Echo power pruner


Don't make me chop you
Feb 4, 2006
N.E. Illinois
Since we have a thread going on about the HT 75. I figure this is a good time to ask about Echo's pole saw on a stick.

Anyone have one??? If so how does it hold up to commercial use and compare to a Sthil.

I was at an Echo dealer to buy a blower. I got to fiddle with Echo's pruner in the showroom. Their are many features on the Echo I like. The handle is the main feature. I used to have the Technic Tool version before Echo bought the patient. In addition to the handle the Echo has more reach. I have my reservations about the five foot extension they offer.

The Echo has 10 cc's less displacement on the engine which might make it weak for commercial use . They had a vid on their website showing a stupid harness and the guy making a cut on a limb and that engine sounded awful to me.

I am not switching sides so to speak but just wondering if having an Echo pruner as a back-up spare tool would be worth it and being able to reach higher to save some climbing or pole saw work might make it worth having around.

I have an HT 75 and a HT101. Both are good good machines but have their pro's and con's. The 75 has the speed for making good clean cuts. The 101 turns slower chain speed and is good for doing larger limb work where looks aren't so important but is heavier to operate if you need to work it vertical.

Would the Echo be worth the money to spend on it???

The blower I bought has held up pretty good so far. We have been really leaning on it just to see how it holds up. But it is just not quite so powerful as the BG 65 it replaced after a truck ran over it. I have a feeling it would be the same with the pruner. It will work good but not like a Sthil.
I think your last paragraph sums it up well. And if you need a lighter weight polesaw for small stuff, why do you need something with a motor? The Jameson yellow fiberglass poles are $50 each and the polesaw head and adapter will set you back another $25. Of all the different brands of blades out there, I'm currently quite fond of the Marvin hook tip blades. About $15 each and they last for months while cutting as fast and easy as a Zubat hand saw.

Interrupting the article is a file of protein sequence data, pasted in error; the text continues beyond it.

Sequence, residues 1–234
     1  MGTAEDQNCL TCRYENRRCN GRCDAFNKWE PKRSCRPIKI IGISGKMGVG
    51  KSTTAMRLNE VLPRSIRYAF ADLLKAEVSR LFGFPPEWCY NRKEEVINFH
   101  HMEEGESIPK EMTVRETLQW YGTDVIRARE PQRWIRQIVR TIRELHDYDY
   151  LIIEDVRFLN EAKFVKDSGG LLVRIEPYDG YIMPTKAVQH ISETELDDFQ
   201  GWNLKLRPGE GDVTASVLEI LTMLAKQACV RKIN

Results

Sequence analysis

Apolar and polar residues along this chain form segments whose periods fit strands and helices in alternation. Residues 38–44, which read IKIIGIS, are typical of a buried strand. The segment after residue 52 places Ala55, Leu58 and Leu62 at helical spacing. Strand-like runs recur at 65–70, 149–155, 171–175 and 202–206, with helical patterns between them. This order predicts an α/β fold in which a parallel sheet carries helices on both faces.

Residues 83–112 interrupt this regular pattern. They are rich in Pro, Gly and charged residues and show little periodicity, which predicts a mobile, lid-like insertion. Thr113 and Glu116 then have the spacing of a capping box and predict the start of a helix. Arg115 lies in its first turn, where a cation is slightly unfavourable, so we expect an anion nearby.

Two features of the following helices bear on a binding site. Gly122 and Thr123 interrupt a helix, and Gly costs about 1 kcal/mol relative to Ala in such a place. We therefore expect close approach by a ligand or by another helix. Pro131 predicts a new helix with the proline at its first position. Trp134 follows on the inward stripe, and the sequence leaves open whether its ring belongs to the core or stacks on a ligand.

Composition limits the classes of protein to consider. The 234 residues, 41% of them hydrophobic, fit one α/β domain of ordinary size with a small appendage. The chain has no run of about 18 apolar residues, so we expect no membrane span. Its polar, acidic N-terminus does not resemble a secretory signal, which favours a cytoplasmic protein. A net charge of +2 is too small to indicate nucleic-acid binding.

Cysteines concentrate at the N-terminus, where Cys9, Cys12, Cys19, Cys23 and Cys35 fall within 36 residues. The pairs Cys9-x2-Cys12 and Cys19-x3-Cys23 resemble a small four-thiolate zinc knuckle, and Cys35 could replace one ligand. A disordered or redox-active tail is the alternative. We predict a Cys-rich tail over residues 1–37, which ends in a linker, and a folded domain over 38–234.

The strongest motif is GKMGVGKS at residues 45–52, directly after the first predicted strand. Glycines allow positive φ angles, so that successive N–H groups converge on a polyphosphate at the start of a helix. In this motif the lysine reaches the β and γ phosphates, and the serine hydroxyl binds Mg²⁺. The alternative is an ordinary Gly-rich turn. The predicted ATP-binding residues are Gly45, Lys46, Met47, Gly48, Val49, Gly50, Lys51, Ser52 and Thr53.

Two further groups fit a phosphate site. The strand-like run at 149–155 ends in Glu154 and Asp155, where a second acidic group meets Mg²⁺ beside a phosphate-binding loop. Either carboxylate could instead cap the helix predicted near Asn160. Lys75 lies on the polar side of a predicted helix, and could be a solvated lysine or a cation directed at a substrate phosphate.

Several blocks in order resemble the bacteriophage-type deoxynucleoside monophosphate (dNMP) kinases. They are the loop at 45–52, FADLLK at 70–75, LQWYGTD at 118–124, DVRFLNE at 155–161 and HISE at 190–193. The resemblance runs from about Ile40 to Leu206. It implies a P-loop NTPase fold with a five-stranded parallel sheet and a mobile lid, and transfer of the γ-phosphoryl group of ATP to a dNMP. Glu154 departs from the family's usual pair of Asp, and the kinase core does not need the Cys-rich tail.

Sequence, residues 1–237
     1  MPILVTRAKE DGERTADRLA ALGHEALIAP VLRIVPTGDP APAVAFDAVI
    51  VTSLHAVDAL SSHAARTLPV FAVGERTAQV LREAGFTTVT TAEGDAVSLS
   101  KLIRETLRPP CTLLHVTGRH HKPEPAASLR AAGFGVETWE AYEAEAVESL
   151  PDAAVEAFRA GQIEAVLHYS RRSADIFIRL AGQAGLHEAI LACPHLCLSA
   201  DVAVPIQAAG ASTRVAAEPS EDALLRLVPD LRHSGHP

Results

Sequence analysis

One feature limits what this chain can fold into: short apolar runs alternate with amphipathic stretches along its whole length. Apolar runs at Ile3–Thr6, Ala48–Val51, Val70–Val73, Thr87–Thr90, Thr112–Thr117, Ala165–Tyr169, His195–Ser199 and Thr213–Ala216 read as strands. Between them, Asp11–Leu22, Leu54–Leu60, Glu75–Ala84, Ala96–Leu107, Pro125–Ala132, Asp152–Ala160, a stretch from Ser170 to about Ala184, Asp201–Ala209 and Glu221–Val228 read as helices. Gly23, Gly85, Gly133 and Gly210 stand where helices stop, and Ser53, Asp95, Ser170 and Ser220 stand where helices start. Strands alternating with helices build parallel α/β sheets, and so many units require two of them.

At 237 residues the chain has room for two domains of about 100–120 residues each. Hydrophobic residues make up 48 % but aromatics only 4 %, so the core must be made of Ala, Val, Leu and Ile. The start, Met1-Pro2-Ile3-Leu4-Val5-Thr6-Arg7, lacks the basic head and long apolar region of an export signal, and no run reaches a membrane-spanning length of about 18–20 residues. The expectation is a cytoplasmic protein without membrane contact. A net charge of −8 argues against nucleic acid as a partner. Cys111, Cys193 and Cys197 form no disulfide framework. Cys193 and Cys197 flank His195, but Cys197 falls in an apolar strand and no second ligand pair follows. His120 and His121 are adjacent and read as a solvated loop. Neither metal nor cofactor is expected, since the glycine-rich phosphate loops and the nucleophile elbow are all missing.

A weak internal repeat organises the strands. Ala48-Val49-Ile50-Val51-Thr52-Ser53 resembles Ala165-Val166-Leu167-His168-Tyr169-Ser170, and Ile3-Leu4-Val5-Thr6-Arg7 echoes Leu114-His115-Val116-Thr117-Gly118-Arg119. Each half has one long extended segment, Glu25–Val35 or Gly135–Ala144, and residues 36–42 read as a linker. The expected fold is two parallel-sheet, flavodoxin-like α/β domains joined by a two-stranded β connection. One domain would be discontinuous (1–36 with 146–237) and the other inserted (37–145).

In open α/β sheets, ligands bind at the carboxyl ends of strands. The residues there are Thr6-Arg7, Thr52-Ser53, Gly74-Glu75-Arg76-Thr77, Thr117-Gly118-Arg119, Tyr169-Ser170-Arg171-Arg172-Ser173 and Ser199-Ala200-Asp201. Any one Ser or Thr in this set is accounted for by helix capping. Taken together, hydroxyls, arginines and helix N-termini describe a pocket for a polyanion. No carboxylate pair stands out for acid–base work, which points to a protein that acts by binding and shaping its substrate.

I think with two power pruners you would be wasting your money buying a third.
I have used the echo pole saw quite a few times. As with Husky and Stihl.. The reach is great. The heavier pole will stand up to commercial use. The motor worked fine with a sharp chain. Cut all day with it and my 40cc, 40cc was a hair faster. Echo makes torque producing motors for their weed eaters and Pole saws. First one I used I did not like cause the choke was in a bad spot and would choke out when you raised the saw bumping your hip. They have since altered and put the choke on the back. Heavy Sucka though.... Harness worthless and strap too. Worked best free hand. Keep tylonol or something handy if you use it all day though.
We been shopping for pole saws for a year and get to try them out for free. I am leaning toward the Husky that breaks down, Echo does not break down on the larger saw as I recall.
Echo good cause chances are, you won't bend shaft, Husky and stihl lighter shaft housing so there is a risk there, lighter weight though. Stihl more expensive to fix if shaft bent.
5 foot extension.... Hey love the reach, just dont ask me to run it a lot... dang thing is heavy enough with out the extension....
I do like the echo, I just cant work with it all day and the thing takes all the bed of the truck too. Nice that it comes with a one year commercial warranty too.
Hope this helps...